Lexa doesn’t feel at all prepared for this. If Anya had just given her some intel…except Anya pretty much already told her everything she knows. Well, maybe Lexa can find some intel of her own. After all, it wasn’t exactly fair this girl knew so much about her (aside from the fact that she was alive, of course) while Lexa knew virtually nothing about her.
She pulls open her phone and searches the name Clarke Griffin. Fortunately there aren’t very many accounts, and it’s simple to find the lone profile featuring a blonde woman.
Lexa spends the next ten minutes drowning herself in this stranger’s online life. She knows social media is not by any means a good indicator of who a person is, but something about this girl is entrancing; the warmth in her smile, her funny, snarky comments, the photo documentation of her sweet gestures (baking minion shaped cupcakes for her godson, donating incredible paintings to the local library, driving a couple hundred miles to surprise her parents with an anniversary party). Lexa’s heart has skipped a beat more than once and by the time she stands up, she feels ready.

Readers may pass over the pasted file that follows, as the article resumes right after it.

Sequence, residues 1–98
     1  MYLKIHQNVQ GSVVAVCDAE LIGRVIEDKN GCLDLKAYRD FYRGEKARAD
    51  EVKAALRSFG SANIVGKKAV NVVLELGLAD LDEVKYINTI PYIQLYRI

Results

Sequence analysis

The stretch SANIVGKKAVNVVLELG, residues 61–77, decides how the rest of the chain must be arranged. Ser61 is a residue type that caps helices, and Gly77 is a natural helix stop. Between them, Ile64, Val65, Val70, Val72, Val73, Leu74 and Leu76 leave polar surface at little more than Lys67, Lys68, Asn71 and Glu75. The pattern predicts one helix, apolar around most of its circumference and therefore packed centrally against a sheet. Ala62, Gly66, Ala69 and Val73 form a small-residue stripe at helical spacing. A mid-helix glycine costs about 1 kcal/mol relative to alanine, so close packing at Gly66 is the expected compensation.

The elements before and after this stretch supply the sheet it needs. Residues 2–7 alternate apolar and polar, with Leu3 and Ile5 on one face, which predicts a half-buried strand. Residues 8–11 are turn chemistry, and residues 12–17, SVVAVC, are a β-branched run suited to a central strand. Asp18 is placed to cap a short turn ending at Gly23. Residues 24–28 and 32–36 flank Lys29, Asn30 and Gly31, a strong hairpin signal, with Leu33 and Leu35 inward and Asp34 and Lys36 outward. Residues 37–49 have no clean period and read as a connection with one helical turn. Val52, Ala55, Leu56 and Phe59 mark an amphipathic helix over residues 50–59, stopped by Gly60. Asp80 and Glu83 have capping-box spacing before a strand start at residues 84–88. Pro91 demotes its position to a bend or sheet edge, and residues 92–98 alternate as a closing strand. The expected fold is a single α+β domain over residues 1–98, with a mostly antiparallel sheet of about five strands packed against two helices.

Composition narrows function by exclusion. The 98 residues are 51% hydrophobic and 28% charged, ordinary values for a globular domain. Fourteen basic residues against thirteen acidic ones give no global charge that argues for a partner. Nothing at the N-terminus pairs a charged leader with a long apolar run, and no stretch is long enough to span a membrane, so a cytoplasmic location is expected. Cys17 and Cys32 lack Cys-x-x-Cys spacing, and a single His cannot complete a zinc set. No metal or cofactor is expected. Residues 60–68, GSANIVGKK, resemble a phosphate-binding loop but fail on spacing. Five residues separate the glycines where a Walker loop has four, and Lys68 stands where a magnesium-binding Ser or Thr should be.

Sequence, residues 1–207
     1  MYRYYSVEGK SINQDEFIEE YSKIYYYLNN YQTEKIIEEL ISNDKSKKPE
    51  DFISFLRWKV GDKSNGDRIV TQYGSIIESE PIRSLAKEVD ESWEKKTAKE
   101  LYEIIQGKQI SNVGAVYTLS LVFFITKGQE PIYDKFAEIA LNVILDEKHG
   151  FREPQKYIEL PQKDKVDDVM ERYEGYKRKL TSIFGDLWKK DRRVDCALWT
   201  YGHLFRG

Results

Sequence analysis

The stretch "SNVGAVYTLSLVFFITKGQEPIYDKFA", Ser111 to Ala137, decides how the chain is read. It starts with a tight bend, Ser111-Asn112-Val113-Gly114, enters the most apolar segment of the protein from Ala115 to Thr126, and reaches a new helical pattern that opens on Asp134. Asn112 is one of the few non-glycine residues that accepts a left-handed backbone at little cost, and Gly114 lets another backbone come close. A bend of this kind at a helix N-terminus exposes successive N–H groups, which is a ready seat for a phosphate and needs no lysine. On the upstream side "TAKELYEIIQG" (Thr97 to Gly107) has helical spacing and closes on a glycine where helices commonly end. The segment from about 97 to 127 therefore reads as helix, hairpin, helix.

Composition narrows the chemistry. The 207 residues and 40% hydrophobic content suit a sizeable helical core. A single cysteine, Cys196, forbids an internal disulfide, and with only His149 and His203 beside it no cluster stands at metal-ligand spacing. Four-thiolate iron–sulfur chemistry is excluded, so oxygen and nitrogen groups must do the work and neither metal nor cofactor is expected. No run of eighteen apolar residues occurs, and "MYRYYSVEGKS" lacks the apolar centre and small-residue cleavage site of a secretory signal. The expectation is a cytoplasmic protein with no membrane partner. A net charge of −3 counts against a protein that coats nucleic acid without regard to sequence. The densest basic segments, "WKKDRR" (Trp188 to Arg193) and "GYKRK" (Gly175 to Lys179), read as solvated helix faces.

She leaves the bathroom and determinedly marches across the restaurant, making a beeline straight for Clarke, who seems to sense someone staring her down as they approach and looks up. When her gaze falls on Lexa, her mouth drops open, and just like that most of Lexa’s nerves melt away.
Clarke gapes at her, blue eyes wide with shock. Lexa bites back the urge to flee and plops herself down in the chair across from her.
“So,” begins Lexa. She grabs a breadstick and gives Clarke a crooked smile. “Heard you’ve been looking for me.”